The government's consultation to determine how best to engage with faith groups in England is about to end.
Forgive me for being slightly disheartened by the first question: "are faith groups, places of worship and people of faith a force for good in society?" If people of faith are to be measured by such a low bar then I wonder who is really listening?
The 2015 Cinnamon Network Faith Action Audit Report which concluded that, in monetary terms, the value of time given by members of faith groups in the UK is worth £3bn per annum. In human terms, the research confirmed 47 million times a year, someone is being helped by one of 2m volunteers or 125,000 staff from faith groups. The Trussell Trust, the leading food bank charity founded on Christian principles, is forecast to give out 6 food parcels a minute this winter and gave out 1.9m food parcels last year alone. Would Twitter crash if every time a person of faith did a good deed and tweeted about it? The crucial point is we don't do this for the likes - we do this for love!
I also agree this is only part of the value created in communities and society by people volunteering. However, too often the public debate about faith is really about institutions - such as the church. All such institutions are fallible and fall short, but this does not deny the innate good that people of faith bring to society.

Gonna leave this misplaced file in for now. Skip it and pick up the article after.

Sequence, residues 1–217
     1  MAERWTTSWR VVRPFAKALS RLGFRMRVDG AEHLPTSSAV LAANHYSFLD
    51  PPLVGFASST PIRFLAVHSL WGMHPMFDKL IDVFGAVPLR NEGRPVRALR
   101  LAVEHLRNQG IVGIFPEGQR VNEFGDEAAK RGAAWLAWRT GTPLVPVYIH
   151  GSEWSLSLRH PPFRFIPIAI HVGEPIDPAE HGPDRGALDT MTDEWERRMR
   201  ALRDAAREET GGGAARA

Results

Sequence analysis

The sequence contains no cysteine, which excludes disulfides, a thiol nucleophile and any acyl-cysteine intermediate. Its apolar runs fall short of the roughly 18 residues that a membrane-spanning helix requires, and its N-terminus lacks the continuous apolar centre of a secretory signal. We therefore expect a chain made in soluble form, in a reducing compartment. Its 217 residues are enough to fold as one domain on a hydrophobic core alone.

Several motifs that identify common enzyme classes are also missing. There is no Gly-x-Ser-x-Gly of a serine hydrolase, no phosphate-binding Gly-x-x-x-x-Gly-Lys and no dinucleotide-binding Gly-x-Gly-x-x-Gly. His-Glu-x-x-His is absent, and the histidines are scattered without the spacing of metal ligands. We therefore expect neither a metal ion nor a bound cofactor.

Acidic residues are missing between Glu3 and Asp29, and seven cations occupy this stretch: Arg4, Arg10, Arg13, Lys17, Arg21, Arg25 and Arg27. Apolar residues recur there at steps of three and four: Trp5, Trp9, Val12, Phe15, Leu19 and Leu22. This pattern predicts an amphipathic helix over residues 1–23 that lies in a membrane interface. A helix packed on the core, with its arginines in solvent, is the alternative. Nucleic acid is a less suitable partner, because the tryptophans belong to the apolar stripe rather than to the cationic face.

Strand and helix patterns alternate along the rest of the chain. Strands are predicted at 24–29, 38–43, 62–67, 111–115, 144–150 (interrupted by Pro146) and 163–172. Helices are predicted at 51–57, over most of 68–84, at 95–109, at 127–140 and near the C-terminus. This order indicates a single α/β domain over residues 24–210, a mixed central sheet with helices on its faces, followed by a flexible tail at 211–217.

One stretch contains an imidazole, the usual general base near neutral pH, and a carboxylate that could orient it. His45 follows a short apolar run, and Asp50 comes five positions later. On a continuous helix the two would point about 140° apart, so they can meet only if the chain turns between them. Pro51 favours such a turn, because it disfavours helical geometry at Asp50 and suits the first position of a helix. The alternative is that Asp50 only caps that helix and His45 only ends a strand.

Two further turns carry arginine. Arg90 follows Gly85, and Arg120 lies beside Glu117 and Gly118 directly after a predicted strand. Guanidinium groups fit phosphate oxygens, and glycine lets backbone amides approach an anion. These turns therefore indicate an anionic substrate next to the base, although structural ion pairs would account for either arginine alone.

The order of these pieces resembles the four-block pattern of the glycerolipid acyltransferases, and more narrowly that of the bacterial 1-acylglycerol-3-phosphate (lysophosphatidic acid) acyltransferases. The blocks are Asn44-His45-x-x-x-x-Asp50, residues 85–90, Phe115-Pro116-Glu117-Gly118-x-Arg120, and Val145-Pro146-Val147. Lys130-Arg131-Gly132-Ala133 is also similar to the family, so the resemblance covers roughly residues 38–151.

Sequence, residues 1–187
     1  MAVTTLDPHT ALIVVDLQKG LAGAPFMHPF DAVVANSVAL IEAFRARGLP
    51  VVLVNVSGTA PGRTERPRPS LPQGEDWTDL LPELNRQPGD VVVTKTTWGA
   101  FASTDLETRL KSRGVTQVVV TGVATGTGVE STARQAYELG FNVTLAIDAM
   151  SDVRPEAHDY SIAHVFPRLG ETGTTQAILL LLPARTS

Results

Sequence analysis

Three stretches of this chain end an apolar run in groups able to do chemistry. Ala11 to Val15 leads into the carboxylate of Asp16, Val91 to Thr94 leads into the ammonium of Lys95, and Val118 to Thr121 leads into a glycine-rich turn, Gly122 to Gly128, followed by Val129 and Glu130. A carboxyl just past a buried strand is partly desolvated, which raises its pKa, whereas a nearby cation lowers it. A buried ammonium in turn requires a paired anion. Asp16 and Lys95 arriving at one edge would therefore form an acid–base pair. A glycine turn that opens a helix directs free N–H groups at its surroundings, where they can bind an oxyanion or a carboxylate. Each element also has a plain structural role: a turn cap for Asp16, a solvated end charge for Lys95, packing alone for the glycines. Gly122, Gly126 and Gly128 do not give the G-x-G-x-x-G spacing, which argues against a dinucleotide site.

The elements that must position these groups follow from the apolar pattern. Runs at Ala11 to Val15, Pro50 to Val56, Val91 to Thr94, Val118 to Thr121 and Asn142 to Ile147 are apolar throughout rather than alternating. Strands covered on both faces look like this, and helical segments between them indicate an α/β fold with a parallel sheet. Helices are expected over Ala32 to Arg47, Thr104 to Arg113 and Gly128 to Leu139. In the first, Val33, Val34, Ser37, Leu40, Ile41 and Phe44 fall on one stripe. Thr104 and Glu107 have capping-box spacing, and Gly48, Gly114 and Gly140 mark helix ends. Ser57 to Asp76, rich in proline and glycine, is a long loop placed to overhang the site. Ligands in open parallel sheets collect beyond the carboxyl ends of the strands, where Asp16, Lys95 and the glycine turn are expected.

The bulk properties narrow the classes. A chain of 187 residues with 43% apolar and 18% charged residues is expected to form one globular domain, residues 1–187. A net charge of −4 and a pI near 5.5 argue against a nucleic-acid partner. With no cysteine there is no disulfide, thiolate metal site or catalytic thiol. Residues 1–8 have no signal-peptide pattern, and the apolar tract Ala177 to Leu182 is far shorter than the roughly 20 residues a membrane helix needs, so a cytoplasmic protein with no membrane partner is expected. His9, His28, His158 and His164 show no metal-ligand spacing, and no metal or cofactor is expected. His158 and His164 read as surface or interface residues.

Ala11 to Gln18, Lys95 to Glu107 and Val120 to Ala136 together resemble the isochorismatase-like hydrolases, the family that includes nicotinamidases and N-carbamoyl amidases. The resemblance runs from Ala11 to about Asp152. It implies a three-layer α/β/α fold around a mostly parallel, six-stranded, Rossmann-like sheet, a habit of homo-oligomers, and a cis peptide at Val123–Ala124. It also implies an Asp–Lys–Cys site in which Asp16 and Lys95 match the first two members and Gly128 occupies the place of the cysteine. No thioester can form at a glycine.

So, my request is that government does not cherry-pick - it should not ask faith groups to bring all their positive contributions to society but ask them to leave their faith at the door - it is part of who we are. If the Government can get this right then it will more likely succeed with its serious conversation about charities and volunteering started with the Kruger Report.
“Are faith groups, places of worship and people of faith a force for good in society?”